A Life Apart - Hasidism in America Image Loading...

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    An outsider visiting a Hasidic neighborhood in Brooklyn is likely to be struck immediately by just how Hasidic it looks. The Hasidic parts of Crown Heights, Williamsburg, and Boro Park are lively islands of traditional Jewishness in the midst of larger, racially diverse, working and middle class neighborhoods. The stores have signs in Yiddish and Hebrew; the men wear long beards and long black garb, while the women wear wigs or scarves and modest, if often quite fashionable, clothing; the fast food restaurants serve kosher food; special Hasidic school buses carry loads of noisy children, and other special buses carry Hasidic men into Manhattan to work. One seems to be in a separate world within the city. Lis Harris, in her book Holy Days, describes it as otherworldly:

    On my first daytime visit to the neighborhood, I felt as if I had wandered into a dream. Pale, bearded, black-hatted, dark-suited men, looking remarkably alike, hurried along the sidewalks with downcast eyes, pointedly avoiding eye contact with civilians. Those who chanced to look up stared stonily into space, like figures in a Magritte painting. Every woman under forty-five appeared to be pregnant. Nineteen- and twenty-year-olds who looked like my baby-sitters pushed their own carriages and strollers, and high-spirited children hopped like rabbits everywhere.

    On closer examination of the community, one is struck almost as strongly by aspects of Hasidic life that sharply differentiate it from mainstream American culture. One is a palpable tightness of community, an almost ever-present consciousness of the group. Another is the extent to which men and women live in different spheres and assign themselves, by custom and by religious law, very different roles. Throughout and overall, there is a high degree of ritual, and religious observance permeates almost every corner of the day.

    The Hasidim are first of all Orthodox Jews. They believe that the Torah, the five books of Moses, is the literal word of God, and that carrying out this word is what gives meaning and purpose to life. For Orthodox Jews, this means following all of the 613 commandments (mitzvot) found in the Torah that are still practiceable. These positive and negative commandments govern ritual and ethical obligations, and concern the Jew's relationship to God, to other people, and to animals. The mitzvot include everything from giving charity to not mixing wool and linen; from keeping the kosher dietary laws, refraining from work on the Sabbath, and following the laws regulating sexual behavior, to studying the Torah and loving and fearing God.

    Orthodox women in particular are charged with a religious obligation to raise children and are "exempt" from all commandments that are considered "time-bound," i.e., those that must be performed at a certain time. These include the obligation to study Torah, and to attend daily prayer services. Men and women thus have considerably different experiences of spirituality and daily tasks. Most observers would not dispute that the Hasidim live in a traditionally patriarchal system.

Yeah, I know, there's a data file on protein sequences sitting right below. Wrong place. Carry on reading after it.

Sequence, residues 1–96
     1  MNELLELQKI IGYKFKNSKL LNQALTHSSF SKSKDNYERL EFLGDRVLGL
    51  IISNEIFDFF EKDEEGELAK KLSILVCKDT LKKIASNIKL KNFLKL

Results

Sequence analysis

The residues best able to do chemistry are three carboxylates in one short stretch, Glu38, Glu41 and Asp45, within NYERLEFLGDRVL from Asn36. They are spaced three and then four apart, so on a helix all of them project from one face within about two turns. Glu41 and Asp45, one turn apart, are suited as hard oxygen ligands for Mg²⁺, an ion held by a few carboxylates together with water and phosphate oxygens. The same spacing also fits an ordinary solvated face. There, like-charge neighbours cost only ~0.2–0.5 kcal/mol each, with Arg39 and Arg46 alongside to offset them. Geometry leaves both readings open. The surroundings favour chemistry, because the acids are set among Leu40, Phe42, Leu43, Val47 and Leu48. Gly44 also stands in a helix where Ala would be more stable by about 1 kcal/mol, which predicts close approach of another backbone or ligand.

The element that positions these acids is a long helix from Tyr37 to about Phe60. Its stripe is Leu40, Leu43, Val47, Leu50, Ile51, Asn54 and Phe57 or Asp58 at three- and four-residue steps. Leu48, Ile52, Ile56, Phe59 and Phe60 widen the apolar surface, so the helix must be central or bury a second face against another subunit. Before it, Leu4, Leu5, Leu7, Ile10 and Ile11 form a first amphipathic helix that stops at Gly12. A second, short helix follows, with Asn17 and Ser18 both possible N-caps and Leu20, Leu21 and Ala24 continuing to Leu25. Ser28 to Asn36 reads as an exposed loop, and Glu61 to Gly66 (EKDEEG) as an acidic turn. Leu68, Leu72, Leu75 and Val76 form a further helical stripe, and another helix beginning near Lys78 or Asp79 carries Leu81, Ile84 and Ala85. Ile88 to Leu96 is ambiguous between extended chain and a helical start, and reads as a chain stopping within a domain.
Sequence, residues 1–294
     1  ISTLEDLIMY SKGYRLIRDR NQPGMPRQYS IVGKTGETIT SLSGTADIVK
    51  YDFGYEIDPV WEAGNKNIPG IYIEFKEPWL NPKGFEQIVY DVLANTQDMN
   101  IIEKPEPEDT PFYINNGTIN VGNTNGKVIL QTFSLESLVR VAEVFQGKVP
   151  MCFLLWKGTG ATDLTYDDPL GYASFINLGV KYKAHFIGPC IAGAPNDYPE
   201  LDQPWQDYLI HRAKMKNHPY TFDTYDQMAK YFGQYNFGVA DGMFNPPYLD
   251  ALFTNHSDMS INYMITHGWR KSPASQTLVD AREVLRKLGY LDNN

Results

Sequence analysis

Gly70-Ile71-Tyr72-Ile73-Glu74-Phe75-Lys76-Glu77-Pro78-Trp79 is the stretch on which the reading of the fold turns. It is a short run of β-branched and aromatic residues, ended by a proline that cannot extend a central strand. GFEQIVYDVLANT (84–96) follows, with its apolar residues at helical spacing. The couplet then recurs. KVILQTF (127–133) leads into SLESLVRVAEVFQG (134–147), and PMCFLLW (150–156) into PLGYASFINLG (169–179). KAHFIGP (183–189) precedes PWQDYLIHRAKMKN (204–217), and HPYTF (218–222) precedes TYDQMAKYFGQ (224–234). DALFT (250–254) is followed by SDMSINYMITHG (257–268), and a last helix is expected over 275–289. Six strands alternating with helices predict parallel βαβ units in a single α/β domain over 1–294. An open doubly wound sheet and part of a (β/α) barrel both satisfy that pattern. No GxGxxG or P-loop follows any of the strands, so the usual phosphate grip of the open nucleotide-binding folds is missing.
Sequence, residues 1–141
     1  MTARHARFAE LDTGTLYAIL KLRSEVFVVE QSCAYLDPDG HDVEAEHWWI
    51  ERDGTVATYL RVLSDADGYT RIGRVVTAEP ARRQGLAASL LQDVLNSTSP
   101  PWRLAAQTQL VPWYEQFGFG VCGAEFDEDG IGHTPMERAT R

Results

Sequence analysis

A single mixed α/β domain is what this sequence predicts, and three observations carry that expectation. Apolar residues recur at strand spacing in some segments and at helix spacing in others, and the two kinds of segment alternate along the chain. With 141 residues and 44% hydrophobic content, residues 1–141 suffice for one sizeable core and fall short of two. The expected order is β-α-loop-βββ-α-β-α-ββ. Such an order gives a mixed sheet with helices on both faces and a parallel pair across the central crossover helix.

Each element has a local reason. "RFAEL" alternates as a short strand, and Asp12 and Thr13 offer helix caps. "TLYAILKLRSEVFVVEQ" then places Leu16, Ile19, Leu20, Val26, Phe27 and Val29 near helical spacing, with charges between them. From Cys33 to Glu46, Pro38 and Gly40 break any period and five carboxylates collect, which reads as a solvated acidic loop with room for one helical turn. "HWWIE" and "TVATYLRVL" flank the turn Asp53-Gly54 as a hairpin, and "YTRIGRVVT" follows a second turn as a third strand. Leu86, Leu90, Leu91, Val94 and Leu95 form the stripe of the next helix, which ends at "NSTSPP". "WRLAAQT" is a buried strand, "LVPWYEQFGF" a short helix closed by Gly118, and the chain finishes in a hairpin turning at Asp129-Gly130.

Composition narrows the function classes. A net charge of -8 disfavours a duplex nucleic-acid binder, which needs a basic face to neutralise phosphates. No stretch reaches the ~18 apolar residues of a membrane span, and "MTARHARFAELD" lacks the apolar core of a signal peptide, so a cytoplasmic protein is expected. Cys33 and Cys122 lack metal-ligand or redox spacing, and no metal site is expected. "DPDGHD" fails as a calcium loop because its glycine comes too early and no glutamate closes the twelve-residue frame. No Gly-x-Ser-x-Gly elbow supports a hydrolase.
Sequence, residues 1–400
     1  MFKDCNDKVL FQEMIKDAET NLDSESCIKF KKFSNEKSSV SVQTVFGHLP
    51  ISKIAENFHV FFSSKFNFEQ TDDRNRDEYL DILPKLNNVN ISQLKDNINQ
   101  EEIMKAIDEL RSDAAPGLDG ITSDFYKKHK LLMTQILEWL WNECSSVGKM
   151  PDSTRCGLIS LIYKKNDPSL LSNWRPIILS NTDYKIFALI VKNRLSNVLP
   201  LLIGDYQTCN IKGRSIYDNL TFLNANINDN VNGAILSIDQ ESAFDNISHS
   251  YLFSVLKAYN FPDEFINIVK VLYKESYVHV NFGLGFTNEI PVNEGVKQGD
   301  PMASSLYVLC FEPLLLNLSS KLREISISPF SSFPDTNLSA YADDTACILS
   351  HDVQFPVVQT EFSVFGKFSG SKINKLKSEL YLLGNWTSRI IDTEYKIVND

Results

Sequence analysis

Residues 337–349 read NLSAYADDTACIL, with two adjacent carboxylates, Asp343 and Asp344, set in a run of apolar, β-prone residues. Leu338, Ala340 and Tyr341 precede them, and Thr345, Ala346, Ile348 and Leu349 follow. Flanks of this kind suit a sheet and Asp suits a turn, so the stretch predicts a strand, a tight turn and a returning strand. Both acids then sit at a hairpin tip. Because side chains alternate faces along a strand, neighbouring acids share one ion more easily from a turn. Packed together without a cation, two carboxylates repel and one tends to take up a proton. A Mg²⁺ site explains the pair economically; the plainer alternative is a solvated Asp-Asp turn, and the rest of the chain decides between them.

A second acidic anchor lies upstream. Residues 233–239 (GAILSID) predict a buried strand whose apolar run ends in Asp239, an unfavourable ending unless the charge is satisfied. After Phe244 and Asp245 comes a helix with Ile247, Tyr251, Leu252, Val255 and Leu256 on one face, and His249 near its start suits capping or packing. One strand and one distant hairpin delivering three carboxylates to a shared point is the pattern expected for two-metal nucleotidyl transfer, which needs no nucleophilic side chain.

In space, the Hasidim's daily life is largely bounded by the neighborhood and its institutions. The landmarks of the Hasidic neighborhood, the prayer house (the shtibl), ritual bath (mikveh), studyhouse (besmedresh), rebbe's residence, and school, are usually all within walking distance of one another. This is not to say that travel itself is uncommon. Hasidim leave their neighborhoods for purposes of worship (pilgrimmages to Israel are popular); or work (many Hasidim, especially men, work in Manhattan); visits to family; or, among the Lubavitch, on proselytizing missions across the country and around the world.

    In time, Orthodox life is bounded by daily and seasonal religious cycles of obligations and events, including observance of the Sabbath and holidays, and, for men, ongoing religious study and prayer three times daily. The Orthodox ideal is to live a life in which every moment reflects a consciousness of God. Almost every action of the day is accompanied by a prayer for the occasion: awakening in the morning, washing one's hands, eating, and going to sleep.

    The Hasidim differ from other Orthodox Jews in several ways. The core of Hasidism is enthusiasm and mysticism, an interest in inner transformative experience, connection with God and others. Hasidism lays a great stress on the importance of inner intent when carrying out ritual obligations (although many Hasidim may not actually achieve these ends in their daily life). The "true" Hasid attempts to invest even neutral activity with pious intention:

    You don't just take advantage of that which is permissible; but everything that is permissible should be turned into part of the service of God. If one has to sleep, one sleeps for the service of God. How? That the strength which comes from the rest, the clearness of mind is used in the service of God ... ordinary activities--earning a living, taking a drink--should be done in the service of God.

    --Informant quoted by Professor Janet Belcove-Shalin

    Learning and Torah study is extremely important in Hasidism, but piety is always meant to come first. In Legends of the Hasidim, Jerome Mintz cites the story of Moshe of Stolin, who, "about to respond to a point of law, caught himself and said, 'I almost forgot.' Pressed to continue, he added, 'I got so involved in my own wisdom that I forgot there's a God in heaven.'"